We need big-picture climate stories, now

Americans are losing interest in the climate crisis. Newspapers have a responsibility to wake them up.

If I worked at a Serious Major Newspaper or Magazine, I would be pushing hard this week to have editors assign a major, big-picture cover story about coronavirus and climate change.

The headline would be “Climate Change, a Deadly Crisis, Accelerates Amid Pandemic.” Or maybe something lighter: “Two Crises, Both Deadly, Collide And Ruin Lives.”

Clearly, this wouldn’t be a feel-good story—but what even is a feel-good story these days? I personally feel best when I know how my greatest adversaries are trying to destroy me. And that’s what this story would do, by compiling and contextualizing all the devastating climate-fueled weather disasters and alarming climate-related scientific findings that have reared their heads over the last six months.

It’s weird that we haven’t seen a Big Serious Newspaper story like that yet, right?

This week seems as good a time as any. The dramatic wildfires in California and Colorado and the wildly active hurricane season in the Atlantic provide a pretty undeniable news peg. A reporter could explain how the economic and health impacts of all that put pressure on the pandemic; then she could do the same for this year’s record-breaking heat waves in the West; devastating wind storms and flooding in the Midwest; the alarming recent breakdown of Greenland’s ice sheet; the recent science showing more people may die annually from climate change than all infectious disease by 2100; and each major climate report issued this year. The list goes on and on.

Indeed, it seems like the perfect time to reveal the cumulative health and economic toll climate change is taking on America as it struggles to contain the COVID-19 virus by talking to victims and researchers across the country. They could also put that suffering in the context of the upcoming election, too, and provide a clear-eyed look at what must be done to prevent it.

You might be wondering: Emily, why don’t *you* just write this story? That’s fair, but a truly good story quantifying the acceleration of climate change during the pandemic would be both a financial undertaking and a time-suck, requiring in-person reporting in disaster areas. This is also what Serious Major Newspapers exist to do—in-depth, big-picture reporting about majorly consequential national and global events.

This newsletter’s audience is also made up largely of people who are already very concerned about the climate crisis; who already know that Shit is Fucked; and who enjoy putting pressure on mainstream institutions. Y’all know I think you’re great, You’re not the target audience.

The target audience—the people who need big-picture climate coverage most—are those who’ve forgotten about the climate crisis because of the coronavirus. Which is to say, many people.

According to a recent survey by Harris poll, concern about climate change has plummeted since the pandemic struck, going from number one issue to the second-to-last. A study published recently in the Journal of Experimental Psychology also indicated that people are no longer as interested in climate change as they once were. “With a global pandemic monopolizing news coverage,” it says, “searches around environmental issues have plummeted to new lows.”

There’s an obvious, easy fix for this: just connect climate change to the coronavirus. It’s not like there aren’t countless opportunities. Yet our biggest news institutions aren’t often doing this, and certainly not in a big-picture way. In major newspapers, climate-related stories are for the most part episodic—that is, they center on only one weather event or study. Often, their episodic coverage of individual extreme weather events doesn’t even mention climate change.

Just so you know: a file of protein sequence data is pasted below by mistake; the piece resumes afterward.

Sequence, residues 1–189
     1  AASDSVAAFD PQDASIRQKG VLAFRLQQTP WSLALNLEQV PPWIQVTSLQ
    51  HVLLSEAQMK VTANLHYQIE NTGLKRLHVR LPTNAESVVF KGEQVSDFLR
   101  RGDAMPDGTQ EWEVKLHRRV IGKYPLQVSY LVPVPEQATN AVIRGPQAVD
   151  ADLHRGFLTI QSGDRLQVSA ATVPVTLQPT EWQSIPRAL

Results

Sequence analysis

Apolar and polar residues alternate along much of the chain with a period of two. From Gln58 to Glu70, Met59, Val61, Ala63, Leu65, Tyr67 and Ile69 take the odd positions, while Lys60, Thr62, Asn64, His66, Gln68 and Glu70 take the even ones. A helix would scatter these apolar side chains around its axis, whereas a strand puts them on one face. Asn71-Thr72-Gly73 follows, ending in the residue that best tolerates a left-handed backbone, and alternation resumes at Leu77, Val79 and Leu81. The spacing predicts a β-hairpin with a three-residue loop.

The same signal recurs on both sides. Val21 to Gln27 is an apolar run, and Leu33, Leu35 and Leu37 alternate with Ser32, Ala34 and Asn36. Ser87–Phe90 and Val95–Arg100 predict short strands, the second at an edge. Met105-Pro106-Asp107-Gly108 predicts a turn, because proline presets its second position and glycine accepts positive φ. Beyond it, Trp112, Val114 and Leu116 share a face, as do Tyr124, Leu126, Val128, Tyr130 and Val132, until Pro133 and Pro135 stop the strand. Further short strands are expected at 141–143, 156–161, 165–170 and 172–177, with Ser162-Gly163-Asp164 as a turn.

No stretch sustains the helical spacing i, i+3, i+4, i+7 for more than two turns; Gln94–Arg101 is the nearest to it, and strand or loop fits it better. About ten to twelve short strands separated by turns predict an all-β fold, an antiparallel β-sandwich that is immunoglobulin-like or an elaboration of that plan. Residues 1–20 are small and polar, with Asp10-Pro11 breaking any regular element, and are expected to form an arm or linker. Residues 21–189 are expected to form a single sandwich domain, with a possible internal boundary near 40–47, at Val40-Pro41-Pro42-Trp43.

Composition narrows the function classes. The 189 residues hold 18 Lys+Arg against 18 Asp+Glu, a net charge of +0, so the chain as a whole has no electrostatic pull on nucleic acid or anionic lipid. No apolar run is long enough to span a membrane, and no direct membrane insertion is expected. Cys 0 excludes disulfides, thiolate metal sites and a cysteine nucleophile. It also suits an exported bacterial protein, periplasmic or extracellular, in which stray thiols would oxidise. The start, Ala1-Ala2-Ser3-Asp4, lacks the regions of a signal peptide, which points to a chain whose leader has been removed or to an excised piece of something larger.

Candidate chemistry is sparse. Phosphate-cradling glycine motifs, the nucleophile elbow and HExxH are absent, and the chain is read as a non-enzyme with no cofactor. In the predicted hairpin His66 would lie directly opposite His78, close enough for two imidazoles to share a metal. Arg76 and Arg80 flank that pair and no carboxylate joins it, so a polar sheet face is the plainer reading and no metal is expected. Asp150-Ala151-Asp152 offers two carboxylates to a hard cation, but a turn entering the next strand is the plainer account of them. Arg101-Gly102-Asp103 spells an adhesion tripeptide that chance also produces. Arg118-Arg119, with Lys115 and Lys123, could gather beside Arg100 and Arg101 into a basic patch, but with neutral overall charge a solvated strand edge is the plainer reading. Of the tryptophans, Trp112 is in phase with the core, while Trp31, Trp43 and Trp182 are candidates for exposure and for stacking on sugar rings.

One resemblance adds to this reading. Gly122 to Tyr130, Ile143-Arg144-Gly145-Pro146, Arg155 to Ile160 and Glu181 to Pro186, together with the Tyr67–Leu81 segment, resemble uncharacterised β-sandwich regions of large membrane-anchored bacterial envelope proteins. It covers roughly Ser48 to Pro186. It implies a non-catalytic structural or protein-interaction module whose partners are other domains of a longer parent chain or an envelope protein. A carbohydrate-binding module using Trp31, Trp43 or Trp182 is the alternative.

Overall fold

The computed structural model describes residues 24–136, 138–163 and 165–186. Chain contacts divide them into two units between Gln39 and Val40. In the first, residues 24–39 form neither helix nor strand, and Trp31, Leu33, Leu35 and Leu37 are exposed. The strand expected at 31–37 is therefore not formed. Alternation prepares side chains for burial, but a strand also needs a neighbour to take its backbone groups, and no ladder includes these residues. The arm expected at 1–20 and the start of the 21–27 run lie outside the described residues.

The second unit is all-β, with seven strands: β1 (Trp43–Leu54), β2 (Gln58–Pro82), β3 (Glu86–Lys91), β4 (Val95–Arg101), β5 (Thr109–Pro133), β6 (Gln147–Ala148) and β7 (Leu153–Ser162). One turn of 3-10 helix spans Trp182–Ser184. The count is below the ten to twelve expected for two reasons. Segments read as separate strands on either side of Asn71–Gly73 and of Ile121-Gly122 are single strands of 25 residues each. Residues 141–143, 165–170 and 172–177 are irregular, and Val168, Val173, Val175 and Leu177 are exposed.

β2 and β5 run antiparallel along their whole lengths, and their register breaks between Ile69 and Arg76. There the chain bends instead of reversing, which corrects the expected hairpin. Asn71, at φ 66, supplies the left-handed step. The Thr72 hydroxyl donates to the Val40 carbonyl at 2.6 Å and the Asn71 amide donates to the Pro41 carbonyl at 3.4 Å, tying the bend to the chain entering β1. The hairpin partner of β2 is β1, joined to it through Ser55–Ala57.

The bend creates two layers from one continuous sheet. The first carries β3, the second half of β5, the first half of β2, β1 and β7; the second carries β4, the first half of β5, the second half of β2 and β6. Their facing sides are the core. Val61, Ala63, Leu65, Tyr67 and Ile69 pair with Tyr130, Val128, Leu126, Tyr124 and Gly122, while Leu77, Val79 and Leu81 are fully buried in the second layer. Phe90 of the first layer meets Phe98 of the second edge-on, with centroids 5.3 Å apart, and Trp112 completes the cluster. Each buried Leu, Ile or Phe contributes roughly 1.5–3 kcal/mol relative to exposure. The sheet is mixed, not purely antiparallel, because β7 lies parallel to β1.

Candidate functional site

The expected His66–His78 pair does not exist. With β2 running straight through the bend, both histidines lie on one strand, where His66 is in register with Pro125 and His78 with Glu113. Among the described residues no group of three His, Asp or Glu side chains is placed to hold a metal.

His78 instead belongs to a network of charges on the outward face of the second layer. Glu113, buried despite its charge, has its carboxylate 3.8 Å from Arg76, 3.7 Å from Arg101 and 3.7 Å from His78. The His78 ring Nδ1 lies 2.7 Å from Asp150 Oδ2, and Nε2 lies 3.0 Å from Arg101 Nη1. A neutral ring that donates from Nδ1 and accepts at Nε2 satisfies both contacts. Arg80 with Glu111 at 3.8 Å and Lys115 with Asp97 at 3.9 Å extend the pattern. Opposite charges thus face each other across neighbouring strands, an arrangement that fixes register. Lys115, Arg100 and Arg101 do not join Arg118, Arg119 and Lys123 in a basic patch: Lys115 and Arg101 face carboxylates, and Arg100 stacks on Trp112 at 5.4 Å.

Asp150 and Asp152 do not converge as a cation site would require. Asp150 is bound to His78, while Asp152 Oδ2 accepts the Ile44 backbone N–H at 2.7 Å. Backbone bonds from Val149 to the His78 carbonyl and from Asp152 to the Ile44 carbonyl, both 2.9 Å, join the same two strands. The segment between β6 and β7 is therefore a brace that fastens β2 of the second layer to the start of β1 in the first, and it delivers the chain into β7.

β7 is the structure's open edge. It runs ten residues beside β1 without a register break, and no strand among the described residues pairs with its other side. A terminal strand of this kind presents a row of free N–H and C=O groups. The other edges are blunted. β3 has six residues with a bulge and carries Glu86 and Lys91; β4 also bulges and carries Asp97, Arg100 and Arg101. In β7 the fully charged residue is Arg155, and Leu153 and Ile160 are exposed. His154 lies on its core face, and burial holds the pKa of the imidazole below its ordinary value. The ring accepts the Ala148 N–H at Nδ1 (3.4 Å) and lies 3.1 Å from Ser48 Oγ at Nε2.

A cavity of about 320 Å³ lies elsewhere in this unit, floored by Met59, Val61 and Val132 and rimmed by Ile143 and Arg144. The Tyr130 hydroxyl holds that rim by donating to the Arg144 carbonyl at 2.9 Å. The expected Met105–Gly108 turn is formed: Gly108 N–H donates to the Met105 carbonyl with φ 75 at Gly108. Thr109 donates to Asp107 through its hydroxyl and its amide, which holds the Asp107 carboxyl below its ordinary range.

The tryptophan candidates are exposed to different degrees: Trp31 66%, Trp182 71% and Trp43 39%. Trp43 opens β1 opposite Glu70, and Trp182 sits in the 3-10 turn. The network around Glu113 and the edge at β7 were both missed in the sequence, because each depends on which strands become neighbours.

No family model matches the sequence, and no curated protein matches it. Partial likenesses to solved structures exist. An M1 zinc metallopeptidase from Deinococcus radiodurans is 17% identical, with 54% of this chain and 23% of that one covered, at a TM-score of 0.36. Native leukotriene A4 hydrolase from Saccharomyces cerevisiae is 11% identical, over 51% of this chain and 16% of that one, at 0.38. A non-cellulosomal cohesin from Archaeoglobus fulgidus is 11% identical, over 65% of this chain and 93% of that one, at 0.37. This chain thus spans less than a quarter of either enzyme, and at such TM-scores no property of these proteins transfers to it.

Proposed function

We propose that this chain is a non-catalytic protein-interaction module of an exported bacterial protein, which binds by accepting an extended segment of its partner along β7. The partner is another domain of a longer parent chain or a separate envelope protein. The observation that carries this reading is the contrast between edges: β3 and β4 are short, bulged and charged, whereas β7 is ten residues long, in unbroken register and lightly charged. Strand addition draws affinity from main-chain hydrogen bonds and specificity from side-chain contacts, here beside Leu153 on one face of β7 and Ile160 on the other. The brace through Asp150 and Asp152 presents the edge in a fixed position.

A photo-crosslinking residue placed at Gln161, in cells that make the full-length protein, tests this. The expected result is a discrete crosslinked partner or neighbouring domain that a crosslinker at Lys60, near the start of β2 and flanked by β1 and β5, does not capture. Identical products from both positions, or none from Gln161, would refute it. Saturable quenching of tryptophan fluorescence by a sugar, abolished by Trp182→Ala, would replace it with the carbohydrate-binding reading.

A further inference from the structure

Twitter avatar for @DavidLWindtDavid Windt @DavidLWindt
Not one of these articles on the #California wildfires mentions climate change, global warming, or fossil fuels. #EndClimateSilence
nytimes.com/2020/08/20/us/… sfchronicle.com/california-wil… npr.org/2020/08/19/904… mercurynews.com/2020/08/20/how… ImageImageImageImage

David Windt @DavidLWindt

#California: "Evacuations widened in the San Francisco Bay Area overnight as wildfires ringing the region scorched hundreds of square miles of land, edged toward San Jose and produced perhaps the world’s worst air quality." https://t.co/L5uAYRDm93 https://t.co/vkUfCFOqUA

It’s understandable, then, why episodic climate coverage in Serious Major Newspapers and Magazines probably no longer feels relevant to many people. If the weather event isn’t affecting them, and it’s not directly connected to the pandemic, their attention span is limited. That’s why we need well-written, zoomed out, devastatingly comprehensive accounts of how climate change is worsening the pandemic and our lives right now. Our mainstream newspapers and magazines have a responsibility to provide it.

This isn’t to say there hasn’t been good big-picture climate coverage in our most respected print and digital media outlets during the coronavirus pandemic. It’s simply to point out that there hasn’t been nearly enough. But we’re at a place where all the elements for good Big News stories are out there. Hopefully we’ll see them start rolling in soon, from outlets with the resources to do them well.

In the meantime, below are two recent well-done examples of big-picture climate change/coronavirus stories from Serious Major Newspapers and Magazines. Read them, but more importantly, share them—because if you want to get people to care about climate change, talking about it is one of the most effective things you can do.

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